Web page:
She had to learn during pony camp to brush and take care of the horses on the ground, leading them around etc.
So long story short, I do believe first you should find out if its this girls desire to ride or her parents wish. If its the girls, I think with time and patience she will get better. This will be a baby step kind of thing. I also agree with others that starting on the ground might help also. Brushing, picking hooves, leading around etc. Leadline her on a trail, play some games, make it fun. But again, all in time with baby steps.
Good luck to you and best wishes for the little girl.
I think everyone just about covered it here. Yes, time and exposure is your best friend at the moment. We do the same thing when we start a green horse and desensitize one that spooks at everything. LOL! And definitely don't make a big deal out of her panic attacks. Gently talk her through them and keep going which it sounds like you're already doing. And also as mentioned, it's not for everyone. I was a toddler when I was first exposed to horses and adults used to freak out because I was NOT afraid of them... at all. I couldn't get enough of horses. And I'm not talking shetland ponies either. And if something negative happened, I was that much more determined to rectify the situation even at a very young age. I remember being 7 or so years old and was bitten quite badly in the side by a pony at a birthday party. I would not leave that pony's side, despite the bite, and I would not let a soul know it happened. My mother almost had a heart attack when she found the bruise that night. I'm now 40 years old and just as crazy about them and have 4 of my own. Obviously I had the bug since birth and never had to warm up to it. LOL! Now I have 6 kids and only 1 of them ended up with my bug. She's just as nuts. I never had to push. They've grown up around my horse habit and if they showed interest, I'd go from there. If they eventually lost interest, oh well. My 9 year old ate it up from the start and hasn't looked back. So long story short, if she continues to have these panic attacks after several exposures, it may just not be her thing. I don't think you can teach passion. :-|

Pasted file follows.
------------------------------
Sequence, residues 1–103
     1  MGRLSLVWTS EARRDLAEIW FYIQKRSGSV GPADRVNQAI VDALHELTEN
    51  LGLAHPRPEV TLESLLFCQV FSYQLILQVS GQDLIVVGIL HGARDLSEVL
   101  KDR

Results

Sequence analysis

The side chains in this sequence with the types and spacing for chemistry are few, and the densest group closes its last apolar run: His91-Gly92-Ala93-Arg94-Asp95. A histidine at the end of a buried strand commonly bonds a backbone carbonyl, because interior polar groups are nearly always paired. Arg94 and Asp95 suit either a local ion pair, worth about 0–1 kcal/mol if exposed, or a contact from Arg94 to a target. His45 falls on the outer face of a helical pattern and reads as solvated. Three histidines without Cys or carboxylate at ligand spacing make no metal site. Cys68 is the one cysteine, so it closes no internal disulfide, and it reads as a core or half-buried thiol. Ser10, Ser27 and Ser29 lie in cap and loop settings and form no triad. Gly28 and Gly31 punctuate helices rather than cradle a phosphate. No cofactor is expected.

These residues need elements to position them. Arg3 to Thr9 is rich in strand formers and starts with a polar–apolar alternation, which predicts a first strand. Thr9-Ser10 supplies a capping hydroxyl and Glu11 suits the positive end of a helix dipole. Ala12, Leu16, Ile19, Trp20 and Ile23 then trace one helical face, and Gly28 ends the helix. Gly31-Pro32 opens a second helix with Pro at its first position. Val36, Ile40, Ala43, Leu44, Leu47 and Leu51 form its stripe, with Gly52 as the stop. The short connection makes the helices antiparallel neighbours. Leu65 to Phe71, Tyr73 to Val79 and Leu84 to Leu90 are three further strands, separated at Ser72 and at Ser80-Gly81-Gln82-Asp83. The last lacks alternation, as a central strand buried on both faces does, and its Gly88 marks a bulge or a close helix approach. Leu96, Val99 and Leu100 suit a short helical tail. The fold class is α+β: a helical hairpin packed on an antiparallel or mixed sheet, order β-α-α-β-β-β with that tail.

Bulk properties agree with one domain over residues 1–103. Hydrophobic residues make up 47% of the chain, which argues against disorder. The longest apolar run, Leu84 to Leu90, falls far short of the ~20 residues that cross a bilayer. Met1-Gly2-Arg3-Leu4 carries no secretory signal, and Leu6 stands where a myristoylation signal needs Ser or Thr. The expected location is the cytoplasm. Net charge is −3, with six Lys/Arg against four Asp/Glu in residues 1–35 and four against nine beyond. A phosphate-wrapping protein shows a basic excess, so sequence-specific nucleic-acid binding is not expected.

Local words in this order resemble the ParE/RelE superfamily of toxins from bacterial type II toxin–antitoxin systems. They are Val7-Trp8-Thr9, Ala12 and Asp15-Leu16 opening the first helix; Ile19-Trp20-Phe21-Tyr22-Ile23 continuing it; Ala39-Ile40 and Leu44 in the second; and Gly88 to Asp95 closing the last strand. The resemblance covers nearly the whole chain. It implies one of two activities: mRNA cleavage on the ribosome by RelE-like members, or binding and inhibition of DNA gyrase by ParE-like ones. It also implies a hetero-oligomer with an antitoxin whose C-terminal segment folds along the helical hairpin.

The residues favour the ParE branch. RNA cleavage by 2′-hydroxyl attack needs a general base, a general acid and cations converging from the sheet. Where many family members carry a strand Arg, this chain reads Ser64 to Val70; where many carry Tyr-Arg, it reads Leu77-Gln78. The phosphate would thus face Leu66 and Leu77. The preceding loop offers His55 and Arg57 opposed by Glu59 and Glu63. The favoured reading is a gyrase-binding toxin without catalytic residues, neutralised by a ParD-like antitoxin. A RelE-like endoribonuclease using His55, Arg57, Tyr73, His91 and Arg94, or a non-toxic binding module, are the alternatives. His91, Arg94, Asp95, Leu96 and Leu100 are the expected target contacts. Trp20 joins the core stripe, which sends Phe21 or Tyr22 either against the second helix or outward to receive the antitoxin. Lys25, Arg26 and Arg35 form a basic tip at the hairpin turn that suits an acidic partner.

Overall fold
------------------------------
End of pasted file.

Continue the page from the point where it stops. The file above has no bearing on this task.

This little girl may be more in love with the idea of having a horse than the reality.
If a child is scared and 'really' does want to ride (not just the Mom), I put them on a very gentle, slow, little horse I have named Shorty and go to the pasture on a lead-line. I tell them that I have some neat stuff to show them and I'll lead Shorty there because it is a long way to go. We go to the pond dam and look for turtles and tracks from animals; we go to the 'bone yard' and pick out what bones went where on the cow or horse that left them there; we do everything BUT bark orders and riding instructions. I just make the horse ride fun. In no time at all, most of them are ready to ride Shorty in the round pen.
If they are still scared, I keep him on a longe line and just teach them how to go forward and reverse them toward me so I can let them just work on the line. I just do that until THEY are ready to go on.
The absolutely most important part of the equation is not to 'over-mount' them. They have a very difficult time following too many directions and instructions -- so don't bark too many orders at them. Make it fun and not a 'school class'.